As the snow that covered Tom’s last footprints, Tom’s love was able to cover a multitude of weaknesses, burying the staggered footprints that our errant feet had tracked through each other's lives.

Eventually, I approached Dori, Tom’s widow, and embraced her.  She whispered assuring words of comfort to me, and then cracked a joke.  “She’s in the Mercy Time”, my dearest companion later remarked, noting how often the bereaved will find themselves in the role of comforting the less bereaved.  When things settle down, the real grieving will begin, I thought.

Shunning my extravert skin, I hoped that the evening would stay intimate, and that there would be no speech making.  When someone whistled for silence, people moved toward the whistle.  I backed away from it.   Not long ago, I would have been an enthusiastic participant at such an event.  Now I watched as a toast was offered up by a pair of well meaning and inebriated friends of Tom.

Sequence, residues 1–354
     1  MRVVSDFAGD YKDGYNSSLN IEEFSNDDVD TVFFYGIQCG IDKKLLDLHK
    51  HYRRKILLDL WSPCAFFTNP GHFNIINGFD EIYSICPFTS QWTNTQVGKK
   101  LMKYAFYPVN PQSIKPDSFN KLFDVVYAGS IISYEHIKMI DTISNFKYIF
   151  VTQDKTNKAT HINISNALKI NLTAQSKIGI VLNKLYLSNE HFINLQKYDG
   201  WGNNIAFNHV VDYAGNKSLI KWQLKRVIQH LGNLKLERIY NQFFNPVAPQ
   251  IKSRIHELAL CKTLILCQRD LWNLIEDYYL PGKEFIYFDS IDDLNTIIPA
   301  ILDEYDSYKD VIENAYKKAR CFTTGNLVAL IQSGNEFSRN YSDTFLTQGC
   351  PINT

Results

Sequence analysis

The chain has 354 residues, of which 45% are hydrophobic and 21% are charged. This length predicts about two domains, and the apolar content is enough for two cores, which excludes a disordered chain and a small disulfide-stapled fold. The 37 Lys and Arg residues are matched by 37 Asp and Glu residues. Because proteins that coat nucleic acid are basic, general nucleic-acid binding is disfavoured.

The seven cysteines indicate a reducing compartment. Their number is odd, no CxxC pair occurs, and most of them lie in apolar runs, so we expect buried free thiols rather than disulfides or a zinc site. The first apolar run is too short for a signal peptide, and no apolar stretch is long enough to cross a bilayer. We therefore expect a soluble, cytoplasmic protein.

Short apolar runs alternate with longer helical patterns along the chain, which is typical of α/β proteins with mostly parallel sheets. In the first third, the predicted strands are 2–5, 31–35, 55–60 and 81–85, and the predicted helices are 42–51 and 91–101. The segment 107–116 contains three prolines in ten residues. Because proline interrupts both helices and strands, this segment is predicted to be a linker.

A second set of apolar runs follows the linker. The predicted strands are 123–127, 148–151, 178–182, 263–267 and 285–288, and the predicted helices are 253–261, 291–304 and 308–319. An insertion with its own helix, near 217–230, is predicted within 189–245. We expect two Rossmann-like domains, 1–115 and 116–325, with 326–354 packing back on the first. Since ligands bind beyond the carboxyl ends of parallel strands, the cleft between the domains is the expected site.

Plastic cups of wine were raised for a moment, and people went back to the conversations they had been having.  I was glad that the moment hadn't snowballed into a round robin of oration, feeling that the quiet reminiscences were purer and more trustworthy than the performances speeches would likely turn into.

I finally put on my overcoat and gloves and headed for the door.  I thought about the wide landscape of Tom's friendships as I left, warmed by Dave’s smile, Dorsey’s affectionate remembrances, and Jimmy’s pledge that he and I were “friends before we ever met.”